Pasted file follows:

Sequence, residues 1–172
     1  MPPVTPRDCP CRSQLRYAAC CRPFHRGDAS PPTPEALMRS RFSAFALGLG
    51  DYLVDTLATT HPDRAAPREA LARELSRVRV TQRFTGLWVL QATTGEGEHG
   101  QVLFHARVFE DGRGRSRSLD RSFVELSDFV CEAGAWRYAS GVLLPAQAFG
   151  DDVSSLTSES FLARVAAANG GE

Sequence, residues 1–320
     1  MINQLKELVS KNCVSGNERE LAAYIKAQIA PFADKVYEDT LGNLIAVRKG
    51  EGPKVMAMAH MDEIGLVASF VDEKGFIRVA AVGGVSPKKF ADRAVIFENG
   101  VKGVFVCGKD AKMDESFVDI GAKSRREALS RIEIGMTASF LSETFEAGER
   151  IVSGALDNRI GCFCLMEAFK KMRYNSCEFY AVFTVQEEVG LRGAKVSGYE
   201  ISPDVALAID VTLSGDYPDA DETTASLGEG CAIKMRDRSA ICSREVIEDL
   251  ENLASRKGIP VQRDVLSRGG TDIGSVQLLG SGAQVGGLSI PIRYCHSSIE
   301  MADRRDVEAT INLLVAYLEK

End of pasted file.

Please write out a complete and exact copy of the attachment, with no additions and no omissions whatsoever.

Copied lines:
Sequence, residues 1–172
     1  MPPVTPRDCP CRSQLRYAAC CRPFHRGDAS PPTPEALMRS RFSAFALGLG
    51  DYLVDTLATT HPDRAAPREA LARELSRVRV TQRFTGLWVL QATTGEGEHG
   101  QVLFHARVFE DGRGRSRSLD RSFVELSDFV CEAGAWRYAS GVLLPAQAFG
   151  DDVSSLTSES FLARVAAANG GE

Sequence, residues 1–320
     1  MINQLKELVS KNCVSGNERE LAAYIKAQIA PFADKVYEDT LGNLIAVRKG
    51  EGPKVMAMAH MDEIGLVASF VDEKGFIRVA AVGGVSPKKF ADRAVIFENG
   101  VKGVFVCGKD AKMDESFVDI GAKSRREALS RIEIGMTASF LSETFEAGER
   151  IVSGALDNRI GCFCLMEAFK KMRYNSCEFY AVFTVQEEVG LRGAKVSGYE
   201  ISPDVALAID VTLSGDYPDA DETTASLGEG CAIKMRDRSA ICSREVIEDL
   251  ENLASRKGIP VQRDVLSRGG TDIGSVQLLG SGAQVGGLSI PIRYCHSSIE
   301  MADRRDVEAT INLLVAYLEK